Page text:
St. John's entrepreneurs surprised by word-of-mouth success for SALT-emblazoned sweatshirts
Lauren Saunders and Emily Evans make clothes for the 'salt of the earth'
A grey crewneck sweatshirt, with the word "SALT" emblazoned on the front.
The A in the word is replaced with the alchemist symbol for the word earth, a reference to the phrase "salt of the earth."
The Shop, Salt is a fashion line created by Emily Evans and Lauren Saunders, two women who began their venture a year ago and have seen it take off.
The appeal is a mystery even to Evans and Saunders.
"We can't keep this one on hand. It sells out really quickly," Lauren Saunders said.
"I think it's something that a lot of people feel like they can participate in. We're pretty active online, like our social media's really on the go," said Evans.
"When people would buy the shirt themselves they would take a photo and we would share it, so it's kind of become this, like, community where everyone loves travelling with their clothes," she said.
Success has come as a surprise.
"We generally don't have any expectations, we just keep going, keep pushing and see where it goes. We just really enjoy it — we wouldn't do it if we didn't enjoy it," Evans said.
The Salt spring line includes original art from St. John's artist Mike Gough.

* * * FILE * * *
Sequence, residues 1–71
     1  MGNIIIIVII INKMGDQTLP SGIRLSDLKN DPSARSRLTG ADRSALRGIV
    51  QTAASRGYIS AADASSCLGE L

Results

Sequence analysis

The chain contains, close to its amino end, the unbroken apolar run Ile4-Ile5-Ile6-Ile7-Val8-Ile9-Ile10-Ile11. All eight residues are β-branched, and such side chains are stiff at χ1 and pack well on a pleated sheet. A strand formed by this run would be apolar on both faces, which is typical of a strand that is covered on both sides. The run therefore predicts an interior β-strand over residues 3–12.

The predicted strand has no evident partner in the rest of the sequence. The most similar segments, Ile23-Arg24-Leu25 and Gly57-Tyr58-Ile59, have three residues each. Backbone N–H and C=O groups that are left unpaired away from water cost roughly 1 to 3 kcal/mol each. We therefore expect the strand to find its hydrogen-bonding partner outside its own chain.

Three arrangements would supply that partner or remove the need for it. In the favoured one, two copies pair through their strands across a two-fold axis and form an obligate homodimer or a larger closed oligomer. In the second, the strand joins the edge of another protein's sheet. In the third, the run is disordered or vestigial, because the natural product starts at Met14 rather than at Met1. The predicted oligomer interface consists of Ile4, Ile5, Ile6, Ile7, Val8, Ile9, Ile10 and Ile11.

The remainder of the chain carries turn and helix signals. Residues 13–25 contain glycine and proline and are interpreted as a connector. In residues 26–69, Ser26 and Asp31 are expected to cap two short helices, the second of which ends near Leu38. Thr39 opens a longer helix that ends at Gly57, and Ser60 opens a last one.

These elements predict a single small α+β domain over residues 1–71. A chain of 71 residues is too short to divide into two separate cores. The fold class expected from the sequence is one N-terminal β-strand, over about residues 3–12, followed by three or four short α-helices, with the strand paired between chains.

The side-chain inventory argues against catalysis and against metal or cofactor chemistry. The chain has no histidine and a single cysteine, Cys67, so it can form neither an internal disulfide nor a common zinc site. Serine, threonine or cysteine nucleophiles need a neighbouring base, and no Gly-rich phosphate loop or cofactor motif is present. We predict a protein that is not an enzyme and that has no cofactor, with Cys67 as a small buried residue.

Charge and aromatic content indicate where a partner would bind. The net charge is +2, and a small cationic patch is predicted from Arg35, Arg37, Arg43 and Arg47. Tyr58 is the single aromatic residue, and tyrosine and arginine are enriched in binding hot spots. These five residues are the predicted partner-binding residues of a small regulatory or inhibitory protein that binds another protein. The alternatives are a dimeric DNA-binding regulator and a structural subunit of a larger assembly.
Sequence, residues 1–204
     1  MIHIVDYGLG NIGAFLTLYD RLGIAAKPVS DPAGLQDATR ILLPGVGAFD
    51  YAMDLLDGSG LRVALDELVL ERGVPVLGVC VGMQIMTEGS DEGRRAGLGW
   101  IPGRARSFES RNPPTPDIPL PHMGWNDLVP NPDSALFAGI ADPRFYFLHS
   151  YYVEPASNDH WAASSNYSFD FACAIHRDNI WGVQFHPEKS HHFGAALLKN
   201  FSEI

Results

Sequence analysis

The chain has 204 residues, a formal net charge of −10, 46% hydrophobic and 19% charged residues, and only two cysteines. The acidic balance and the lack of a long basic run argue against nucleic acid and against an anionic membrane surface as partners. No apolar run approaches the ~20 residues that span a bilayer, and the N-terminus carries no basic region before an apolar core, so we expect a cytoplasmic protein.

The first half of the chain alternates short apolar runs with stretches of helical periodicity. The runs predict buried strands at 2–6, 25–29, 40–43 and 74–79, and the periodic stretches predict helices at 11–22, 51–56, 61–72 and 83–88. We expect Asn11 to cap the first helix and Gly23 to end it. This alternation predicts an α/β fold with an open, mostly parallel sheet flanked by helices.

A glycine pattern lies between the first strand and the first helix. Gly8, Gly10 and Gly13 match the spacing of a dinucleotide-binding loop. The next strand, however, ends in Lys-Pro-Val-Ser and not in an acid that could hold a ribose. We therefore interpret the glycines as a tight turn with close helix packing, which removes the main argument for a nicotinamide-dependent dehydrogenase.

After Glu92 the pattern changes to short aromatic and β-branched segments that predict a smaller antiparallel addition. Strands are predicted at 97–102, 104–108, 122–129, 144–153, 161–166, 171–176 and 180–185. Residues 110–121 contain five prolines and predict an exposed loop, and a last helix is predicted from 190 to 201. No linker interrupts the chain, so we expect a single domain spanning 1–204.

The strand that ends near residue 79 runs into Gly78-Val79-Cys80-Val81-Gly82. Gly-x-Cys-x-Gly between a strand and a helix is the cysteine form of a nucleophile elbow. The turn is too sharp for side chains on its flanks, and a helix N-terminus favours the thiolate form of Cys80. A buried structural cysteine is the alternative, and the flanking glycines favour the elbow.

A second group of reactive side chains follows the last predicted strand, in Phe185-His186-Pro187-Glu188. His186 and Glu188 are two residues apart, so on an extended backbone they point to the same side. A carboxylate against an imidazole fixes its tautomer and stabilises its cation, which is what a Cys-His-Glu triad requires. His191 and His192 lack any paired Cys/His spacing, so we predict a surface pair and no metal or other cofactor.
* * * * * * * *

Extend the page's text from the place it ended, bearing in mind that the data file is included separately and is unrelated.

"Mike is a phenomenal local artist who we just did a collaboration with," Evans said.
"He created a bunch of beautiful original pieces for us to print on our clothes."
Gough's art is an exclusive commission for Salt, with the abstract images printed on sweatshirts, T-shirts and skirts.
The newest release for the designer duo is a line for children, with their brand printed on onesies and tiny tees.
"We're at the age where a lot of our friends and family are having children, so when we started Salt they were like, 'Well, I want one for myself, my partner, and my kid,'" Evans said.
Is it delivery?
There is no storefront for The Shop, Salt, it's all online — but they do local pickups in unique packaging.
"We started with pizza boxes and people got such a kick out of it, there was a novelty there and we just kept with it," Emily Evans said.
"We always try to do pop-ups to have a bit more of a presence in [St. John's]," Evans said.
"When we do get a chance to do pop-ups it does give us a chance to go out and talk with people a little bit more. Where we're an online-based business, sometimes you feel like you're not as connected with your audience," Saunders said.
"I think people connect with the message of the brand — the salt of the earth, good natured, genuine," she said.
Their projection to grow the business will start with Halifax pop-ups later this year.
With files from Weekend AM